The arguments - regardless of what the ostensible subject is (toothpaste tube, toilet seat, cleaning the trash out of the car, overdrawing the checking account, inviting guests without asking the cook) will take on basic animal characteristics. The combatants are fighting for their LIVES - for their very existence.
The concept MINE lives in us at that pre-verbal level where the 2 year old can only scream red-faced and clutch the toy they just stole off the store shelf.
The adult will defend what is MINE with that same ferocity -- even if what is being defended is only a symbol of the toy their parent would not buy for them (long before they knew about the connection between earning, buying, and mine.
Sometimes LOVE is best symbolized by not-buying that toy. And sometimes a good marriage is based on not-taking the spouse's possessions.
Children absorb the very definition of what marriage is by the way parents handle and regard the spouse's possessions.
One magnificent depiction of LOVE in symbolism is the way the loved-one's possessions are regarded and handled, not because of what that object is, but because of what it means to the loved one. Sometimes the most penetrating drama comes with the way a Character handles a possession of a deceased loved-one.
The connection between a person and their possessions (yes, somewhat like the gypsy scam artists claim, or you see in many Fantasy or Paranormal Romances) is a mystical force in this world.
We experience MINE as a mystical force, perhaps because it is one of those pre-verbal learning experiences. Even dogs know what is theirs and what is not. Children get it very, very young.
The next lesson in growing up that humans learn is how to make something MINE -- how to acquire what holds meaning. Seeing the toy on the store shelf, screaming "Mommy, buy me that!" or just "I want!!!" Then comes Mommy's lesson in how to love -- "Be good and I'll get it for you next month."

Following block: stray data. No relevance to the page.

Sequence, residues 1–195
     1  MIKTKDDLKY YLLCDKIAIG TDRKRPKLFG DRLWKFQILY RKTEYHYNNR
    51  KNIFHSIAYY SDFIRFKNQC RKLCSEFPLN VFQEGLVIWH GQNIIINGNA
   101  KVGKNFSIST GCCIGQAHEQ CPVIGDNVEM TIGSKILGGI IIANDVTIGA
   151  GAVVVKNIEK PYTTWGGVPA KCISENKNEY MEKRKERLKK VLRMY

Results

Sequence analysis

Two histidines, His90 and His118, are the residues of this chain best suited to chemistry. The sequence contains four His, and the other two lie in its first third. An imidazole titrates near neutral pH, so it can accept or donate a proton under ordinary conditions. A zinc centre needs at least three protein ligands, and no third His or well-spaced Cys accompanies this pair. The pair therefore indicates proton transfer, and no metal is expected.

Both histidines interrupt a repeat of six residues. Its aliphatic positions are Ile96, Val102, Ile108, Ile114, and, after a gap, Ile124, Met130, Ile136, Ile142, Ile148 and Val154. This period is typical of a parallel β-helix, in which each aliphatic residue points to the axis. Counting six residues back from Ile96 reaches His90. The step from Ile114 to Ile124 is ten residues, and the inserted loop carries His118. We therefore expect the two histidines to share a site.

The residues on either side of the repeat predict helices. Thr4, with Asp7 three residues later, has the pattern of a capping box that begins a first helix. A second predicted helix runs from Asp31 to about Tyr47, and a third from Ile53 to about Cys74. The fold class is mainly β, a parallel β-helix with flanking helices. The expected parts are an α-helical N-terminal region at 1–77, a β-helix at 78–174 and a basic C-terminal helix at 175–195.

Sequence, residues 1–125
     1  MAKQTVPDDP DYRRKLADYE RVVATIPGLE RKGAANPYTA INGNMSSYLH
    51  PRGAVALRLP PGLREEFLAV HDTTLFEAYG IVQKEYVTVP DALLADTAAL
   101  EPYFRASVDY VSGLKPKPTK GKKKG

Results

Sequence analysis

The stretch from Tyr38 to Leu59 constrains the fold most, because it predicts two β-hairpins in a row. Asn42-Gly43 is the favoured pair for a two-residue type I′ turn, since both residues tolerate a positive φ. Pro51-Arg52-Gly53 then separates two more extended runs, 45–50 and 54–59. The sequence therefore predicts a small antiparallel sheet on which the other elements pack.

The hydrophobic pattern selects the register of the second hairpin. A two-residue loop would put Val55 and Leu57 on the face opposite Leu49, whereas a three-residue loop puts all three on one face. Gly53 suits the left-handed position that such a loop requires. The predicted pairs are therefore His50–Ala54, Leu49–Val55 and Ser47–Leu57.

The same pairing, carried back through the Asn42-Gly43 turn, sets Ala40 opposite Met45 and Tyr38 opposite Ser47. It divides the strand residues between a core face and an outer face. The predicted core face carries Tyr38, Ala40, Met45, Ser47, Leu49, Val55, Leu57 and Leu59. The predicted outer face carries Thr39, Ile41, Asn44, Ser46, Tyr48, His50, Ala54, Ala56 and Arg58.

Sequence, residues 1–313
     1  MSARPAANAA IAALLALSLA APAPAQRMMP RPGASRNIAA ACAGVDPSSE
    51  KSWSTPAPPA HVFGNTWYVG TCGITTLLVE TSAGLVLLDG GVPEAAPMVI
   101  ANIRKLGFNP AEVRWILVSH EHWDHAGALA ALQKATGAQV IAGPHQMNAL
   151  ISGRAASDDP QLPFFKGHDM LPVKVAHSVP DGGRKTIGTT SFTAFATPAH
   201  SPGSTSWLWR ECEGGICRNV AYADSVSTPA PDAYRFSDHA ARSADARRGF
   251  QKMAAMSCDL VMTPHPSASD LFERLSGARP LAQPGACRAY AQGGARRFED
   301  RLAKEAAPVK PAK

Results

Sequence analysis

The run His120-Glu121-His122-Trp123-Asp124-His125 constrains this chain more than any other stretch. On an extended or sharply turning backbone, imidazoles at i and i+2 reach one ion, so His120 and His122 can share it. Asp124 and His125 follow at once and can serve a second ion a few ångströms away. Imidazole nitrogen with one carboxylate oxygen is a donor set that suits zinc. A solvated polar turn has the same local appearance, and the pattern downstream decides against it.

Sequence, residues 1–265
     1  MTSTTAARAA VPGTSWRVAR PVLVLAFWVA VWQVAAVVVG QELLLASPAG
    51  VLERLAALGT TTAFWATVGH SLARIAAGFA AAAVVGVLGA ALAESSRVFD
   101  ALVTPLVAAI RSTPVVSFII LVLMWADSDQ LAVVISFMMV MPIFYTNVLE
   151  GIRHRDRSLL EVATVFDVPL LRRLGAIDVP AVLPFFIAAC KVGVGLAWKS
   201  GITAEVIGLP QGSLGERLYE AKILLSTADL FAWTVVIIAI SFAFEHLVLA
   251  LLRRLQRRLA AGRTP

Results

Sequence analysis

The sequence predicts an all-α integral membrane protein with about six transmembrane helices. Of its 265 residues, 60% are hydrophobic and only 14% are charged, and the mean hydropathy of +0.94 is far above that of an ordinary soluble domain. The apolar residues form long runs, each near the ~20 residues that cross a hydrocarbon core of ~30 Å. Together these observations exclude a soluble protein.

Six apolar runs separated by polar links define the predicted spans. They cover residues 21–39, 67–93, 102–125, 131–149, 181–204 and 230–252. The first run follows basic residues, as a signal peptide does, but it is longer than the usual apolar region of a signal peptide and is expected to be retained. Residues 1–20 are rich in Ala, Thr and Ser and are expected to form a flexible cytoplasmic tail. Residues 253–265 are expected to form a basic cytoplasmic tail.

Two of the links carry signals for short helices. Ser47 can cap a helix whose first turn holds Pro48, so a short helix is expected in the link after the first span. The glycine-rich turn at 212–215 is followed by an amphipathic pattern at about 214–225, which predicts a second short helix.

You want to own something, you must comply with the wishes of others. Love is unconditional -- possessing is conditional.
If that's how you are brought up, that is how you will conduct your marriage -- whether you know you are doing it, or not.
That is how deep into the subconscious, into the brain-synapses developed in childhood, that the concept MINE goes.
With age, you learn you have to do chores to get money to buy things -- then get a summer job to earn money, then work your way through college -- and so on.
Along through those years, you may change your mind about possessions, come to see the massive contribution to your prosperity made by your community, society, family privelege, etc, and understand a portion of what you earn belongs to everyone (taxes, insurance).
You may change your behavior so drastically that during a hot Romance, you display only community awareness, not the 2 year old's selfish MINE. But within months of marriage, that 2-year-old's MINE will assert itself, sometimes to your dismay.
Other 2-year-olds may have learned MINE in a different way, with support and respect for the exclusive possessions of an individual being sacrosanct.
If an adult with a commune mentality of "everything belongs to everyone in the family" marries a "what's mine is mine; what's yours is yours" person, there will be primal-scream-level-combat where neither party knows what they are really fighting for or over.
At some point, that mixed marriage may well crack -- and you, the writer, will have a Character ready for a second time around Romance.
By that point in maturity, the Character will be grappling with the vague and confusing question, "What is Love?" How do you know if you're in love after being so bitterly disappointed by that Selfish Bastard you gave your heart to?
Or, on the other hand, that mixed marriage may gel and solidify into a happily ever after for real.
How can that happen? If the very concept of MINE is not shared, how can two people meld into One?
It has happened. I have seen it happen in real life. Compromise is not the answer. Winning a negotiation is not the answer. Asserting your rights is not the answer. Separate bedrooms is not the answer (though sometimes it helps.)
Even Love may not be the answer. MINE may be something that Love can not conquer, at least not by itself.
One human's love for another human may not be up to the job of welding two such disparate views of what a human is into a single marriage. This is the kind of welding job you write about in an Alien Romance, where a human has to apprehend the true alien quality of this strange Soul Mate. If the weld is sturdy enough and flexible enough, you do end up with a Happily Ever After between Soul Mates.